Amy and I soon realized we had been given one of those patented twists that "Project Runway" famously foists upon its harried contestants. Just when they think they are finished, there is one more hurdle to clear.
Like a lot of creative people, I'm a big fan of the reality TV show "Project Runway." On each episode, fashion designers are given a challenge, and they then head off to a fabric store to gather their raw materials and rush back to the design studio to make an outfit. Like those budding clothing makers, I found myself in my own design challenge when I took my exhibit to the International Pharmaceutical Expo (Interphex) at the Jacob K. Javits Convention Center in New York.
The difficulties with the booth for this expo actually began long before the show. At the close of Interphex the previous year, my company, Parsons, an industrial construction firm, had earned enough priority points to land a front-of-the-hall, 20-by-30-foot space for the next year's show. That 2009 booth space represented the largest presence and best location at Interphex in the company's history. But this premier booth assignment came with a problem: The floor plans showed it had a 5-by-5-foot column in the middle that included some kind of fire-safety station on one side.
Amy Armstrong, our event manager, and I began working on ideas for our new, bigger booth – and the unexpected column – and in the spirit of "Runway" guru Tim Gunn, we brainstormed ideas to "make it work." Eventually, with the help of our exhibit house, we decided on an open booth with flatscreen monitors and information stations where we'd talk with attendees. We included a large walk-in storage closet that used two sides of the intrusive column as part of its walls. So when Amy and I arrived Thursday night for the expo's opening on Tuesday, we were figuratively ready to strut our stuff. But when we walked into the exhibit hall Friday morning to examine our booth space, we realized that major alterations were still needed.
Apparently the column wasn't all it was cracked up to be. Instead of being a solid, 5-by-5-foot support structure, it was merely four poles arranged to create a 5-by-5-foot empty square. Since the booth design included use of a solid column to make the walls for our storage area, these poles meant not only that the storage room would be missing walls, but also that attendees would have a wide-open view of the unsightly stuff in the closet. Worst of all, an ugly pair of big blue barrels used to catch condensation from tubes that ran down from the ceiling was positioned within these four poles.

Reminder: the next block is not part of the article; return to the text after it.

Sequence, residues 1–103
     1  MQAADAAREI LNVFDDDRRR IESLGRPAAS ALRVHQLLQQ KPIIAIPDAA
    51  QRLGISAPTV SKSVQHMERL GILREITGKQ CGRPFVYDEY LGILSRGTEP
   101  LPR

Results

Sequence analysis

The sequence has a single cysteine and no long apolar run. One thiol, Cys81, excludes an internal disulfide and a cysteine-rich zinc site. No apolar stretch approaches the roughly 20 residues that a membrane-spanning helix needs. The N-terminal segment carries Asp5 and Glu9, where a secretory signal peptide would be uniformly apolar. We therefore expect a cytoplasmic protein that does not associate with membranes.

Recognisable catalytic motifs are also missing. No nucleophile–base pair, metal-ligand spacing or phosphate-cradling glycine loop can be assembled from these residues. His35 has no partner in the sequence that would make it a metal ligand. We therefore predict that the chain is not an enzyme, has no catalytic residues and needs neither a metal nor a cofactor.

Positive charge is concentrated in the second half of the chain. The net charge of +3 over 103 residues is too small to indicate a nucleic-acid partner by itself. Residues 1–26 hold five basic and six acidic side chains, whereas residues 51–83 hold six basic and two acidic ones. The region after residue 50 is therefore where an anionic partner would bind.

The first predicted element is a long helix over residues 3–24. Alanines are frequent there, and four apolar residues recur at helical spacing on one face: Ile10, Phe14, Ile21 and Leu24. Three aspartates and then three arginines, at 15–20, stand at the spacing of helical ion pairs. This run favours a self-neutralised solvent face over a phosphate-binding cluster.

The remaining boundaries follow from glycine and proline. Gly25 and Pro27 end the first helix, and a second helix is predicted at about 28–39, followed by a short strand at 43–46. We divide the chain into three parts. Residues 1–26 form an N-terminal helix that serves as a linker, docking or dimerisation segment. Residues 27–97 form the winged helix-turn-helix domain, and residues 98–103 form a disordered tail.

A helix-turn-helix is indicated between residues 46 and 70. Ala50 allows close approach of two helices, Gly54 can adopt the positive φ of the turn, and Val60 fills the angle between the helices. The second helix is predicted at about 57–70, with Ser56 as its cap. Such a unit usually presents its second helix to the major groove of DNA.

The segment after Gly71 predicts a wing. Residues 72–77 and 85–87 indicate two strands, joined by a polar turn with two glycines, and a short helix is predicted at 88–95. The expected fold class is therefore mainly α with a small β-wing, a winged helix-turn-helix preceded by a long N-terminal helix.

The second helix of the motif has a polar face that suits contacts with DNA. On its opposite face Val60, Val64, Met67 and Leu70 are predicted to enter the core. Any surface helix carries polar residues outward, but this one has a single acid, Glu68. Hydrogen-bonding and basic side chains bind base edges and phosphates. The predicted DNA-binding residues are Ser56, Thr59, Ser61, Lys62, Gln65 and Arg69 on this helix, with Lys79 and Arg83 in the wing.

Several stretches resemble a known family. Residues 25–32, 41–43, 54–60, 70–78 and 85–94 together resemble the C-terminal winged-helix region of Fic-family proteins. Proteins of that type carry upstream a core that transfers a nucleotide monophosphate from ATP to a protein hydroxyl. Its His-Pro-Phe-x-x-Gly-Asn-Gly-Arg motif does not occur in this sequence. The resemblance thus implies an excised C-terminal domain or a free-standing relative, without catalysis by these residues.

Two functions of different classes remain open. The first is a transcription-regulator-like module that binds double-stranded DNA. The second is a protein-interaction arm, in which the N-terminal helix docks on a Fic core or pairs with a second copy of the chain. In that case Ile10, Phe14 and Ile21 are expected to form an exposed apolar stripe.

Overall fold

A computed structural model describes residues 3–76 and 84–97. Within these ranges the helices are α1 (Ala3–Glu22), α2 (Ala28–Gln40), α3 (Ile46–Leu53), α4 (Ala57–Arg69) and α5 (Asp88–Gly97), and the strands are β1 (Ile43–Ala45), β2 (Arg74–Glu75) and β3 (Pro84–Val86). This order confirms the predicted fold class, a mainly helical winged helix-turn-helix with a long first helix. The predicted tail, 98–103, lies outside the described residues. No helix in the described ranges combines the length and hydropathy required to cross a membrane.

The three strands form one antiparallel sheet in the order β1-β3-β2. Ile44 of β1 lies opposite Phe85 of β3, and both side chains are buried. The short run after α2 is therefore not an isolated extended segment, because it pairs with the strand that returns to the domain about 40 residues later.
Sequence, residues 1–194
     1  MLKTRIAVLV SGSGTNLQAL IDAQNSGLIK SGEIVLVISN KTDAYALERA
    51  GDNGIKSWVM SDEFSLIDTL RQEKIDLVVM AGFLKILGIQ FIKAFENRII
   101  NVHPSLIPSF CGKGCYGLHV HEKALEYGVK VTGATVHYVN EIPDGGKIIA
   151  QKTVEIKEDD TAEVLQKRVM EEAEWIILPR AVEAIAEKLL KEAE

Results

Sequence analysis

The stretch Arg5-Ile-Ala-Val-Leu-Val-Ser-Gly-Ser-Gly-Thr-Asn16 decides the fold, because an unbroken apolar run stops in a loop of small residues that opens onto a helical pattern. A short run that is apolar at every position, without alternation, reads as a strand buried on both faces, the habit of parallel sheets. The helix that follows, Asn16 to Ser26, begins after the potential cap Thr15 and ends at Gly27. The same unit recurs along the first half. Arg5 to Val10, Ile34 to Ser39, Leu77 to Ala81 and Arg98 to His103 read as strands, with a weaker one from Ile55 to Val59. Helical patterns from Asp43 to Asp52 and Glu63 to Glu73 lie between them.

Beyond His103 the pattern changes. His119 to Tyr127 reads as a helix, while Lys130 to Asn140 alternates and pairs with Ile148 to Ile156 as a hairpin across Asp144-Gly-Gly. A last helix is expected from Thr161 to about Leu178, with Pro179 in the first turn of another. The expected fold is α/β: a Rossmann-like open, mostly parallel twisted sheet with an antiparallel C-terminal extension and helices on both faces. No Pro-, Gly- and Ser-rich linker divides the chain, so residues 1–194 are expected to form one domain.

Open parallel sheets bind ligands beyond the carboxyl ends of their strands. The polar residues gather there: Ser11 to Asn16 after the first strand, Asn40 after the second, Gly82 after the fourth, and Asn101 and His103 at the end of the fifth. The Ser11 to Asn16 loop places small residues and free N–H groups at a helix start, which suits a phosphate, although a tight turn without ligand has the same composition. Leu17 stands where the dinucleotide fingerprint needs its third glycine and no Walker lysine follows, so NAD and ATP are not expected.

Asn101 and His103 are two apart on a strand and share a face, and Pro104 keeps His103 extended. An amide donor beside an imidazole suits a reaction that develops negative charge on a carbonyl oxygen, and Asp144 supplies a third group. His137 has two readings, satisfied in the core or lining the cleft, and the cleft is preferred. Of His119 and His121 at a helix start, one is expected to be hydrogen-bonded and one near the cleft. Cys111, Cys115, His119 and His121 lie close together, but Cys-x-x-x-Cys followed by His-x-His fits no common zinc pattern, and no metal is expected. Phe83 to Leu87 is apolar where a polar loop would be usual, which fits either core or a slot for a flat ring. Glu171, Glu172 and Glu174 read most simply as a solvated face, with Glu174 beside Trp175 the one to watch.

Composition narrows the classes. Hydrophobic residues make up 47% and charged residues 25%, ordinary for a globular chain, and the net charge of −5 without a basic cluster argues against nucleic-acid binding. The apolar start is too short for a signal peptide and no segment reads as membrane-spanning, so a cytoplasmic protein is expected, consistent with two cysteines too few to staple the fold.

We had also expected the fire-safety station to be something built into one side of the solid column we had envisioned. Rather, the "station" was basically a fifth pole with an attached fire extinguisher, fire hose, and water valve, which was positioned in the center of the other four poles. We also soon discovered the fire code allowed only three sides of the "column" to be covered. Thus we couldn't limit access to the central pole, yet we had to somehow create a wall of sorts to conceal our storage area.
After gritting our teeth at this unexpected hassle, Amy and I got to work. Building a pair of walls for our storage area was only part of the job. We also needed to hide those hideous barrels without breaking the fire code.
Our initial thought was to hire someone from show services to drape curtains from pole to pole. However, show services wanted roughly $1,800 to rent and install the drapery. That amount was a lot more than I wanted to spend on this problem.
As we looked over the column, we soon realized we had been given one of those patented twists that "Project Runway" famously foisted upon its harried contestants. Just when they think they are finished, there is one more hurdle to clear. So we stuck to our idea of draping fabric ourselves to serve as a visual barrier.
Even though the show did not open for four more days, getting the column covered became the top priority. After all, we had a full plate of "normal" trade show tasks as it was. Besides, the storage area would be erected fairly quickly during the setup schedule, and we needed our solution in place before that happened. Otherwise, we might find ourselves deconstructing that part of the exhibit in order to put our fix in place, a backstep we wanted to avoid at all costs.
Realizing we were in the same kind of emergency as those struggling reality-show designers, Amy and I
decided to tackle the problem like they would on "Project Runway." With Tim Gunn's trademark "Let's go, designers!" ringing in our ears, we headed to Mood Fabrics, the textile shop where "Project Runway" contestants get their raw materials – and the only fabric store we out-of-towners knew by name. We sifted through bolts of black fabric until we found the perfect inexpensive roll of polyester. Figuring we needed about 18 yards of fabric, we had a sales assistant cut us $40 worth of material, paid for it, and then bid the store a pleasant, "Thank you, Mood," like they do on the TV show.
Back at the venue, we started creating walls for the column using double-sided carpet tape to hold the fabric directly to the poles. By diligently keeping the fire cabinet unobstructed, we were able to weave the fabric in a way that did not break the fire code while also building our storage-room walls and hiding those unsightly blue barrels.
When the show began on Tuesday, our booth was a gigantic hit with attendees and even a few competitors who loved the look of our exhibit in spite of the obvious design challenge we'd faced. Even though Amy and I felt rushed and wished we'd had more time, we believed we had won the challenge. Best of all, no supermodels kissed our cheeks and bid us, "Auf Wiedersehen!"
— Bo Haynes, manager of visual communications department, Parsons, Charlotte, NC